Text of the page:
Britain’s outgoing Commissioner Jonathan Hill has said he resigned as a matter of principle after the UK’s vote to leave the European Union because the public feel that politicians do not take enough account of their opinions.
In a farewell press conference in Brussels today (14 July) , Hill said, “One of the problems we have generally in public life… is that people have this feeling that when something goes wrong, nothing changes and people don’t take responsibility.
“You have to show that when the people say something, soemone listens and I think it is right that I listened.”
There was no suggestion that Hill was referring to the calls made after the referendum for European Commission President Jean-Claude Juncker to step down.
“I felt very strongly when something as huge as that happens, huge implications for my country and for Europe, for me to sit there as if nothing had happened was completely wrong thing to do in principle,” he said.
“I felt that particularly as someone who is not elected and I also feel it is part of the criticism that people have of politics generally and institutions in particular.”
Hill is a lord, a conservative member of the second house of the UK Parliament. Lords are not elected.
Hill quit his job as Financial Services Commissioner shortly after the results of the referendum came through on 24 June. He will receive a payoff worth about €300,000, according to some media reports.
The influential job, with responsibility for regulating London, the EU’s preeminent financial hub, will be taken on by Valdis Dombrovskis, the Commissioner for the Euro.
Hill was launching an initiative to encourage easier cross-border investment for start-ups. But the press-conference was dominated by questions about Brexit and the government team being put together by new Prime Minister Theresa May.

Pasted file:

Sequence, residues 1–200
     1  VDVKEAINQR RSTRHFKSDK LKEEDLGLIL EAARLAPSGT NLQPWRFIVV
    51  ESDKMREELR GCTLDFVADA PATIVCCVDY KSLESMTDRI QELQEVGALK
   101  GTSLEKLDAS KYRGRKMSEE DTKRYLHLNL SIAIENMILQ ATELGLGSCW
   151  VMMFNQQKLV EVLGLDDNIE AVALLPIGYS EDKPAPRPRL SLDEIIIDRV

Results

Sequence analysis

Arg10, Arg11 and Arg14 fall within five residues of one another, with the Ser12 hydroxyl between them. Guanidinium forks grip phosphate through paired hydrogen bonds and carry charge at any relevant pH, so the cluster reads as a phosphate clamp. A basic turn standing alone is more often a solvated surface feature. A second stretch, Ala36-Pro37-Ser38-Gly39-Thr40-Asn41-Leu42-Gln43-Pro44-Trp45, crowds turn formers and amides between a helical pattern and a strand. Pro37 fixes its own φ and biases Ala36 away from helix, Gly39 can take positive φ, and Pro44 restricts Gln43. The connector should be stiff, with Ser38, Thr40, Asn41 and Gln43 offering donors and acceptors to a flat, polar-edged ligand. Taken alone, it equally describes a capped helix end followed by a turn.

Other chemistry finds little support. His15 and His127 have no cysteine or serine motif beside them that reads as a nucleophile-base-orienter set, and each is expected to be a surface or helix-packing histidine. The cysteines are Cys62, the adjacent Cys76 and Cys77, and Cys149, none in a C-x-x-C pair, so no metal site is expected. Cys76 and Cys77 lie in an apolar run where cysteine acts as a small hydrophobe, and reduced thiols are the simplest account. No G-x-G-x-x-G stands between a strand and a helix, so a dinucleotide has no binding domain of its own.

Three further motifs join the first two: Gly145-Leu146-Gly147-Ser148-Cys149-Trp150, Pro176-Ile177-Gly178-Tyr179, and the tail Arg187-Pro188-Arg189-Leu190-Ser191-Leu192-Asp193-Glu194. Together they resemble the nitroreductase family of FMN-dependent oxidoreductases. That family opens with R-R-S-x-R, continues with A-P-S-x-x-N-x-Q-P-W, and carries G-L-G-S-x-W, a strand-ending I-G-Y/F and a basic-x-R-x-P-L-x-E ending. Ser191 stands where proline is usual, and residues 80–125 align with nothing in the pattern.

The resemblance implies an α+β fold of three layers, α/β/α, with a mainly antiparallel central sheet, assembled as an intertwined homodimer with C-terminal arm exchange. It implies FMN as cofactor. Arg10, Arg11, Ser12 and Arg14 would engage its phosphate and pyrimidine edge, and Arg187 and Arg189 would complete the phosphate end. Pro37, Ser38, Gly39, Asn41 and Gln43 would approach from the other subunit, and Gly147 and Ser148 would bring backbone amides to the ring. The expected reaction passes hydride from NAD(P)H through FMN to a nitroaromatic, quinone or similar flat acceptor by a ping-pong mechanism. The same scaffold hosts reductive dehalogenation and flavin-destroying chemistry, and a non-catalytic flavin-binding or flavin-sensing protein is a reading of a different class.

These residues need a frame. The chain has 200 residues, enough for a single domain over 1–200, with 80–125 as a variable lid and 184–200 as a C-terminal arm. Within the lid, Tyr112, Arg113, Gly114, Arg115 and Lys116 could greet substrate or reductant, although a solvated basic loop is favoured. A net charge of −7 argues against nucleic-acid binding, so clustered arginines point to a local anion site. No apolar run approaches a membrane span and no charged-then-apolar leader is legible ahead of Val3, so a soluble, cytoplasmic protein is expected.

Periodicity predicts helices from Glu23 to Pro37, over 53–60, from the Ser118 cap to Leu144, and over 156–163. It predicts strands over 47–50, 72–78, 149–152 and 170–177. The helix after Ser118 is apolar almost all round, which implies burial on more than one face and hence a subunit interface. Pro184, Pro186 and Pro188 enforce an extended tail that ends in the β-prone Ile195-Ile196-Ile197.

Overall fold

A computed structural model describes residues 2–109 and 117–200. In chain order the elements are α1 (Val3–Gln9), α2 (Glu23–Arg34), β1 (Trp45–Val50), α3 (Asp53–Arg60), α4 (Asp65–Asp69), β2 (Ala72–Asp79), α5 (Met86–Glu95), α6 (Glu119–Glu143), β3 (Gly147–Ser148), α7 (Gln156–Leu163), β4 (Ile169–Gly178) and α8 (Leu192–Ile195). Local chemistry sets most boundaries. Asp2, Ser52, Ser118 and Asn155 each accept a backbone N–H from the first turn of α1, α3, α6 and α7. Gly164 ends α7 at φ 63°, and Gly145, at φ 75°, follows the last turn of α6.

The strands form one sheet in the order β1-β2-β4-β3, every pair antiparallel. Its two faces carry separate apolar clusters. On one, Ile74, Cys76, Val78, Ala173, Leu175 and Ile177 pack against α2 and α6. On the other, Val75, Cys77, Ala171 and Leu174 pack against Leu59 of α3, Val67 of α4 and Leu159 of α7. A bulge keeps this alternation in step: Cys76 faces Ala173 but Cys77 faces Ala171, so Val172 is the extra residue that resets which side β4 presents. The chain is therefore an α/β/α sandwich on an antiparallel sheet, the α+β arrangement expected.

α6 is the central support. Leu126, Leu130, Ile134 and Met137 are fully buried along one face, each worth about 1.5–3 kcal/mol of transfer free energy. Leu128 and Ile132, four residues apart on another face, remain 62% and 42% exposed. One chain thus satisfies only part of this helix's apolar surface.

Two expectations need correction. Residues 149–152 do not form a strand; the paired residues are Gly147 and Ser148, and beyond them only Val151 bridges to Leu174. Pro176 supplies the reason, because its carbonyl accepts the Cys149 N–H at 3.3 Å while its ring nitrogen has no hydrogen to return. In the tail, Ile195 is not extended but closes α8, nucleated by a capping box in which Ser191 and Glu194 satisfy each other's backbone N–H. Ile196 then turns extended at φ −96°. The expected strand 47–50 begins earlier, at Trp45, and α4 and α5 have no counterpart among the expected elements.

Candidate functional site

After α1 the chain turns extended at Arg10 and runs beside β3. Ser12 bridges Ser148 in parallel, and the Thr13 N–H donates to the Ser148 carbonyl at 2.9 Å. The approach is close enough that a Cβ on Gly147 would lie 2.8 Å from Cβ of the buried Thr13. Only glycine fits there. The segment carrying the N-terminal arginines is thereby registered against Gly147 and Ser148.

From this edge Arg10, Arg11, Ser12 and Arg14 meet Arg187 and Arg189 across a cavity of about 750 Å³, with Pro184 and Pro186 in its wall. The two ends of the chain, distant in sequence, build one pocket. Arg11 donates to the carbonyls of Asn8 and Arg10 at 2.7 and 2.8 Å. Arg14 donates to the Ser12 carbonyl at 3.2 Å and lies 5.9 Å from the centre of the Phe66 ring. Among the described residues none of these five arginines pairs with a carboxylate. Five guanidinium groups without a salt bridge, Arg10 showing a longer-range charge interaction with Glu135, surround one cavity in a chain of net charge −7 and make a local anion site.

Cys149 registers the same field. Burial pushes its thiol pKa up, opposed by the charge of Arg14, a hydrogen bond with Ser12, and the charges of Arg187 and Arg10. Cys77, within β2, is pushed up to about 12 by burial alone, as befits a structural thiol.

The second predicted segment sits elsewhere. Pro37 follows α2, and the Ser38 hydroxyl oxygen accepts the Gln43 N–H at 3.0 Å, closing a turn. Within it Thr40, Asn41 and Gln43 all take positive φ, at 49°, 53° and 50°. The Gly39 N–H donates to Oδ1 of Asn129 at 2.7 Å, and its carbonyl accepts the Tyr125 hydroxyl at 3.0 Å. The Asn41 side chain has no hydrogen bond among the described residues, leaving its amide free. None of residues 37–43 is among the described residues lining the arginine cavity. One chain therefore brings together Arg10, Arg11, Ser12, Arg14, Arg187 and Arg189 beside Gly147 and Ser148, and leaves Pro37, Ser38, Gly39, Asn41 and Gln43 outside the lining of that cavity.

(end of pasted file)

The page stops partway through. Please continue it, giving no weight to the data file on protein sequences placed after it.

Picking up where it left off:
The new cabinet will be responsible for handling the tough Brexit negotiations to take the UK out of the EU. But Hill refused to give the promoted politicians any advice on how best to handle Brussels.
He said, “All the people taking up this task will have advice pouring into them from every orifice imaginable I don’t think it’s my job to add to that advice.
“We need to manage this process in an intelligent way and not in a way that means we don’t end up cutting our nose off to spite our face.”
He added, “At the end of this we need to come to a conclusion where Britain and the other 27 EU countries can enjoy a set of good, positive relationships.
“We all need strong economies that are generating growth and jobs and help tackle the challenges Europe faces.”
Before the referendum, Hill had warned that Brexit would damage the City of London’s standing as a leading financial centre.
Hill, who led the bloc’s Capital Markets Union strategy, said he would be going on holiday and had no plans for the future at this stage.
“I intend to do some gardening and some reading, some proper reading of history, instead of ghastly financial regulation,” he joked.
Hill was forced to endure two hearings in the European Parliament before finally being confirmed in the job.
But there is no chance that his expected successor Sir Julian King will snag a portfolio as important, given the British vote.
Commission reacts to new cabinet
After Hill’s conference, the Commission straight batted questions about the suitability of Boris Johnson as new foreign secretary.
Brexit-supporting Johnson, a former Brussels correspondent, is persona non grata in Brussels after comparing the EU to Hitler.
But a spokeswoman for the EU’s foreign affairs service said, “We are ready to cooperate with the new foreign minister. I don’t have any further assumptions to make.”
Commission First-Vice President Frans Timmermans had written a Facebook post yesterday, before Johnson got the job.
In it, he makes veiled jabs at Johnson, suggesting he had made comments that were “borderline racist”. This is thought to be a reference to Johnson’s suggestion US President Barack Obama may have had “an ancestral dislike” of Britain.
Commission Deputy Chief Spokesman Alexander Winterstein was asked about the post.
He said, “I did not read the Facebook post, which as you have said yourself, is the first Vice-President’s post on which I cannot helpfully comment.”
Quizzed over how best to ask Timmermans about his personal post, Winterstein said, “It’s a Facebook post. Maybe you want to post a proposal to the Facebook page.”